As I just mentioned on the DDD board, I discovered the Gartner Hype Cycle via a Rule Breaker Podcast by David. The podcast made me first think of 3D printing, but it is of interest to all technology investors.
The 5 phases are defined here (very short article)
2015 Hype Cycle graph is here
Internet of Things is peaking.
Autonomous field vehicles have left the trough of disillusionment and are moving up the slope of enlightenment as is enterprise 3D printing.
Consumer 3D printing is on the fast slope down at the moment.
Biochips are still moving up the “Innovation Trigger”.
Sneakers and Banks are not on the list
The Hype Cycle becomes even more interesting when you combine it with the Technology Adoption Life Cycle (TALC)
Being a hopeless empiricist, I cannot bring myself to believe in the existence of the Hype Cycle. It seems to describe some things on an intuitive level (3DP, IoT), but other things poorly (user graphical interface, mp3 players, fitness apps, Viagra). Ultimately, how do we measure “visibility” (on the Y axis) in a way that is objective, and is visibility a good measure of hype?
I like the Technology Adoption Life Cycle a lot, as it is based on a real underlying statistical distribution (Hype Cycle is not), and it can be measured reliably.
If the Hype Cycle exists and can be likened to a technology, we are at the peak of inflated expectations. I want a new model.
The Gartner Hype Cycle is necessarily subjective with all the issues which that implies. Indeed, if one looks at it year to year, while some things progress in the expected way, some things seem to appear and disappear.
But, I don’t think that makes it any less valid as a snapshot of the current state of various technologies and one from which important lessons can be gained. With the benefit of hindsight, for example, it is clear that the initial rush of enthusiasm over 3DP was more hype than immediate, substantive, practical applications and that consumer 3DP was way behind industrial or, as they call it, enterprise 3DP in finding real adoption. There was some of that expressed at the time, but clearly a sharper view would have caused one to hold 3DP lightly while the hype was building and then park until real adoptions came along, as they are for some companies now.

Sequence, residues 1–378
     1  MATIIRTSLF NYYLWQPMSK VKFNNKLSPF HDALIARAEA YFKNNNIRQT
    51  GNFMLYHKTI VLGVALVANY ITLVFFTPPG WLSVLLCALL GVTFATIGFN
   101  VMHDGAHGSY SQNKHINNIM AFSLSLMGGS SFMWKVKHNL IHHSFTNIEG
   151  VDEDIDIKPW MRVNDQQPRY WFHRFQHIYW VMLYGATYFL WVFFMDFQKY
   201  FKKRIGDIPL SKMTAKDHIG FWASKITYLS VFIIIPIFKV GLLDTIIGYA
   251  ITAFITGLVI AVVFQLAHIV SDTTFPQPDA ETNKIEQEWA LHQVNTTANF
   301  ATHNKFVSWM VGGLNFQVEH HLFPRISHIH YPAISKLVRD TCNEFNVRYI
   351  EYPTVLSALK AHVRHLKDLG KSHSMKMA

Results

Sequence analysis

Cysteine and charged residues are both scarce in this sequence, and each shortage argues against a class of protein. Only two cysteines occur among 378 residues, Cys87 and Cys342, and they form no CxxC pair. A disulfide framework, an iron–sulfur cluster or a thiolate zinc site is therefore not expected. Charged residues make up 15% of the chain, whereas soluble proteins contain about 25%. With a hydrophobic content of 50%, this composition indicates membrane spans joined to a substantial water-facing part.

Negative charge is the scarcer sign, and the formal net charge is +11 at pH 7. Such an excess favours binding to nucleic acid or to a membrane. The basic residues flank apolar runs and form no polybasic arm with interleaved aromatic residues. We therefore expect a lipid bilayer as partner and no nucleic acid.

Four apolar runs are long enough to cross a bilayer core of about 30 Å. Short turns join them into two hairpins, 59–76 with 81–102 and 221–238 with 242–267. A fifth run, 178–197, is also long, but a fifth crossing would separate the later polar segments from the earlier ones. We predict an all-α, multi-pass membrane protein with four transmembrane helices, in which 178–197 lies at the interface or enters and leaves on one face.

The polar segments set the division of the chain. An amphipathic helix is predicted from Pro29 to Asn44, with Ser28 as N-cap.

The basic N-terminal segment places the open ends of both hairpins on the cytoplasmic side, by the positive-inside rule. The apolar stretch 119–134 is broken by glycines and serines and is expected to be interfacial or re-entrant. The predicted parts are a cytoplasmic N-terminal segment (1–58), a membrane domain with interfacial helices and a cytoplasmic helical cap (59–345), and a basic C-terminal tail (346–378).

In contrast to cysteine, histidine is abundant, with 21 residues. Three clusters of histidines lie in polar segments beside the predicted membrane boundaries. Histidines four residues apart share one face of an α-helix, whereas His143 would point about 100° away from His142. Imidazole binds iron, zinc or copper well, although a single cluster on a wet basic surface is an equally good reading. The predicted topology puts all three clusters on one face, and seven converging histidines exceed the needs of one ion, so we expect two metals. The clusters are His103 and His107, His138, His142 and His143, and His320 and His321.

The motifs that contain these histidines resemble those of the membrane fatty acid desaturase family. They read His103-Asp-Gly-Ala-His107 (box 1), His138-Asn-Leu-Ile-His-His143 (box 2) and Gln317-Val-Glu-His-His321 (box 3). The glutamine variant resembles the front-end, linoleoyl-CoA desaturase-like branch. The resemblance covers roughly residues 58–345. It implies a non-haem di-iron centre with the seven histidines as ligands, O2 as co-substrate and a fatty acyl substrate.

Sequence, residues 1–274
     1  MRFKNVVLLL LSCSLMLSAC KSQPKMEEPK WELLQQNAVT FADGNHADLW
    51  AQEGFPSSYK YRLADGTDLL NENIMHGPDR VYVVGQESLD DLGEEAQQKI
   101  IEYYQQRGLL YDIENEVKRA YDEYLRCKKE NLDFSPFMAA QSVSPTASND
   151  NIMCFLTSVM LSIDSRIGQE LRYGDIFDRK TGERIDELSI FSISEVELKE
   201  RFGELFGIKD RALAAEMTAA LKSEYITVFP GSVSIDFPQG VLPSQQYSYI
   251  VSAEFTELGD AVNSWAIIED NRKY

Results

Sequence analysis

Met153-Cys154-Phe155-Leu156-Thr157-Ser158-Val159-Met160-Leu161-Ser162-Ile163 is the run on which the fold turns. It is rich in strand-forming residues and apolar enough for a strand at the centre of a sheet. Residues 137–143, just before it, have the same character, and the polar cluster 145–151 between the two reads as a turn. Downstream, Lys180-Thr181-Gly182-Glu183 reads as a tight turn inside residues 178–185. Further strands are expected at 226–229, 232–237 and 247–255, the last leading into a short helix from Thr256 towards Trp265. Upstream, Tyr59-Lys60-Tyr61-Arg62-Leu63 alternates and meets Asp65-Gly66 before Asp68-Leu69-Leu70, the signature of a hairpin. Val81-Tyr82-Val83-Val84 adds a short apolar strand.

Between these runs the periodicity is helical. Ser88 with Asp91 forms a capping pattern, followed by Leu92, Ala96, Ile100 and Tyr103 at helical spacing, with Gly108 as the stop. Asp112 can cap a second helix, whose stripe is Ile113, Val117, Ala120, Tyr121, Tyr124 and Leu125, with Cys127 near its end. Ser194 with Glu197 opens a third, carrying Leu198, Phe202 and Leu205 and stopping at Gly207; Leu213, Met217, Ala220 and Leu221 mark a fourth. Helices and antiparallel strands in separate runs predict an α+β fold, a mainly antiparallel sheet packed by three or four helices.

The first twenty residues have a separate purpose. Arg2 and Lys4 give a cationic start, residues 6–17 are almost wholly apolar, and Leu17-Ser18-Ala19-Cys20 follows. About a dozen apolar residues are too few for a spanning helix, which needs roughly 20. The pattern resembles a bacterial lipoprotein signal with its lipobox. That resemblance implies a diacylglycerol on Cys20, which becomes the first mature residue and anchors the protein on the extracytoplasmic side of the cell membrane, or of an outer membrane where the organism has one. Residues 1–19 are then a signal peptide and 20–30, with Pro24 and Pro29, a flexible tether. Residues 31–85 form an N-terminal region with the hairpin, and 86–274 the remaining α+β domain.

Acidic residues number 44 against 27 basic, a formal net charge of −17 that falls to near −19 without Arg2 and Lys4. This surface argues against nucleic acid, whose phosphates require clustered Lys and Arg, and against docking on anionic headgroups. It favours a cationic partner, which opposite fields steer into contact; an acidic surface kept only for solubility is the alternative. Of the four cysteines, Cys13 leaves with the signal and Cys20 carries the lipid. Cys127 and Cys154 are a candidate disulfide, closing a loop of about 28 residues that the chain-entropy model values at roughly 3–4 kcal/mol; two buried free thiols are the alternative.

In a similar sense, one needs this same kind of awareness about the TALC. There is nothing guaranteed about a cool technology successfully crossing the chasm … otherwise, it wouldn’t be called a chasm. Moreover, there is nothing guaranteed about shooting up the tornado just because one small market has been established in the bowling alley. Again, that’s the point of the imagery, that it is not guaranteed and there is work to do to make it happen. Worth remembering too that a company needs a substantial shift in tactics moving from the bowling alley to the tornado and failure to make that shift can mean faltering, despite the seeming promise.
With the benefit of hindsight, for example, it is clear that the initial rush of enthusiasm over 3DP was more hype than immediate, substantive, practical applications and that consumer 3DP was way behind industrial or, as they call it, enterprise 3DP in finding real adoption.
In the podcast David G pointed out that hype is not always a negative thing, it can just mean the most visible and talked about. He submits that LeBron James is the most “hyped” basketball player today, but that doesn’t mean he is also not the best.